MCC issues statement on UP bowler Shiva Singh's bizarre delivery

Shiva Singh rotated 360 degrees in his run-up just before the delivery during a domestic game.

Shiva Singh's delivery was called 'dead ball' by on-field umpire

Uttar Pradesh's left-arm spinner Shiva Singh is hogging the limelight for his 360-degree turn just prior to delivery. From ambidextrous bowling to pausing in the middle of the bowling action, bowlers do unique things to grab the eyeballs. However, Shiva's style is so unique that it hasn’t been seen before in any kind of cricket.

Shiva, who was part of the Indian under-19s side which won the World Cup earlier this year, rotated 360 degrees in his run-up just before the delivery. The incident took place on the third day of a CK Nayudu Trophy match between Bengal and Uttar Pradesh in Kalyani.

The umpire, however, immediately deemed the delivery as a dead ball. As soon as the footage of it went viral on social media, cricket fans and experts were left scratching their heads over the exact rule and whether Shiva Singh's delivery was legal or not.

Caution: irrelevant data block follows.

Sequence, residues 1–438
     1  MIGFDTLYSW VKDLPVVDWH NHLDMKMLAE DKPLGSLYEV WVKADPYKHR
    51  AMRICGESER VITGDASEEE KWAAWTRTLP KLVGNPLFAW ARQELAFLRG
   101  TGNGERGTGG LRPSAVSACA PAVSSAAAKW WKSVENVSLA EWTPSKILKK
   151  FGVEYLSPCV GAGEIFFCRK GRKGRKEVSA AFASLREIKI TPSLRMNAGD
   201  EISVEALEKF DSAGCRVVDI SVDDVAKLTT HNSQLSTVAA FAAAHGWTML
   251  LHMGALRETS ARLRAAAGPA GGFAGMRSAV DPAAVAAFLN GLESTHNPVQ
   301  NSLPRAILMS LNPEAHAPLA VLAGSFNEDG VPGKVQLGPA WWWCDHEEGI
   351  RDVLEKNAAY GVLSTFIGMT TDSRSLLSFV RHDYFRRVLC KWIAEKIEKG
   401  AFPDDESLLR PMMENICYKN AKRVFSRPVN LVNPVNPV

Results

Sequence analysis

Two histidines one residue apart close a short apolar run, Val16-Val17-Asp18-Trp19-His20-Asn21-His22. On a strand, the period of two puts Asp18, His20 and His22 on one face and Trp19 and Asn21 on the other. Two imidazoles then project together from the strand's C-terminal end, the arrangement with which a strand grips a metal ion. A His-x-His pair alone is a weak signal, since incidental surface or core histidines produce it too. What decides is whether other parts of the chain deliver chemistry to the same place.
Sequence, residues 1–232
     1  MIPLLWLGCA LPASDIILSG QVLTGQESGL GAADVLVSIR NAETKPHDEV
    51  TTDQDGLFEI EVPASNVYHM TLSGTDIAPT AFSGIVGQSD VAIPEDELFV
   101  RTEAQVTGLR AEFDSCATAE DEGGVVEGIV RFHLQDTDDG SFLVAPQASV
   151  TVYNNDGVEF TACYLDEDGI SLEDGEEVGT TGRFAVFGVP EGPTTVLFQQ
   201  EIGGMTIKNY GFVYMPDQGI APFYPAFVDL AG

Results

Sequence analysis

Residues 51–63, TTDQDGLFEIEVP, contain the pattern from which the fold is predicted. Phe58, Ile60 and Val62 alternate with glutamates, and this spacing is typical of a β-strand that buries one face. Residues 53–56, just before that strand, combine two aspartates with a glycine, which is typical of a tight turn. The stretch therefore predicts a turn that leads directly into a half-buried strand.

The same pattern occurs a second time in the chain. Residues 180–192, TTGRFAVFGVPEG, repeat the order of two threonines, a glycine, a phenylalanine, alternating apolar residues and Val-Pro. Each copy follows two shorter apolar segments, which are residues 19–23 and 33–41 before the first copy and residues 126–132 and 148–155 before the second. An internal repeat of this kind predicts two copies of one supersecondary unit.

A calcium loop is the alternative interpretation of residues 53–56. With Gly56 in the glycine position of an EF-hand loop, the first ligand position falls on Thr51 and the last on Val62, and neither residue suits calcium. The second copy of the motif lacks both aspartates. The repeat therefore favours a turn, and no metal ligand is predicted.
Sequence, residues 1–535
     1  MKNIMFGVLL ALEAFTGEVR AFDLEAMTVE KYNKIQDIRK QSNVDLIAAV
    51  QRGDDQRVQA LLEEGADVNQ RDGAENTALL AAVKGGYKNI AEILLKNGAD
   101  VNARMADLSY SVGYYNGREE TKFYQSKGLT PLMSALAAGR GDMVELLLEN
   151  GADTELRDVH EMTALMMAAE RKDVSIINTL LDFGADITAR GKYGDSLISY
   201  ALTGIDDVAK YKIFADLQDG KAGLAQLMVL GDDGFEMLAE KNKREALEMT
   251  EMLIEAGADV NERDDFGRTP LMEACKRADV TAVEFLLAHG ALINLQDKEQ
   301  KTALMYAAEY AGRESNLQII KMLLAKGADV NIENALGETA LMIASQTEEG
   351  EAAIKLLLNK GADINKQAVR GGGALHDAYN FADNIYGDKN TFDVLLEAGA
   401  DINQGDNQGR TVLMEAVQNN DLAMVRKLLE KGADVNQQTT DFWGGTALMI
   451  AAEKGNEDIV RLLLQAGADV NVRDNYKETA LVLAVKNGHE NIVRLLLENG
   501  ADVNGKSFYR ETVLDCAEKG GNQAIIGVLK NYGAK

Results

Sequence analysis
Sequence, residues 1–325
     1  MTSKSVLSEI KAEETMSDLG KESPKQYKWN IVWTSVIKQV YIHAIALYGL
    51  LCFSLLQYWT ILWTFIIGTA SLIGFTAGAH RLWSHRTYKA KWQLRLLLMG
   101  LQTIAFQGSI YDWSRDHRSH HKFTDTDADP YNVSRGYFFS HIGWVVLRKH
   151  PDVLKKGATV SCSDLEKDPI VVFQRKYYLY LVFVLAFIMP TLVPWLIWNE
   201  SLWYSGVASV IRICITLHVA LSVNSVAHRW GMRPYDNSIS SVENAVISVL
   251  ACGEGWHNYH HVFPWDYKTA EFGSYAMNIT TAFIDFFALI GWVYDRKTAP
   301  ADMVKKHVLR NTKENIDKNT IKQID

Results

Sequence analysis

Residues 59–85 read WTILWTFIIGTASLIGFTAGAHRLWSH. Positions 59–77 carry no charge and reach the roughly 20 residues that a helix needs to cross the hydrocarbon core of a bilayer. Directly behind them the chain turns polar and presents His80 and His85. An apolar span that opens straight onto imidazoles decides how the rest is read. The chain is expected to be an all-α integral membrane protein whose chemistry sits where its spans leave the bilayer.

Marylebone Cricket Club (MCC), the custodian of the laws of the game, tried to address the situation and came out with the statement concerning the legitimacy of the delivery.

"Firstly, the Laws don't dictate what a bowler's run-up should look like. Under Law 21.1, the bowler must state his/her mode of delivery, which seems to have been left arm round the wicket in this case, but does not state how conventional the bowler's approach should be.

"Law 41.4 states

41.4.1 It is unfair for any fielder deliberately to attempt to distract the striker while he/she is preparing to receive or receiving a delivery.

41.4.2 If either umpire considers that any action by a fielder is such an attempt, he/she shall immediately call and signal Dead ball and inform the other umpire of the reason for the call,"

"Unless the 360 degree twirl was part of the bowler's run-up for every ball, the umpire may need to consider whether he/she feels that the twirl was done in an attempt to distract the batsman in some way. This is particularly so if there was no apparent advantage to be gained from the twirl, unlike, for example, the bowler varying the width of the release point or the length of his/her run-up, which are entirely lawful," the MCC added.

(With inputs from NDTV Sports)


By Salman Anjum - 09 Nov, 2018

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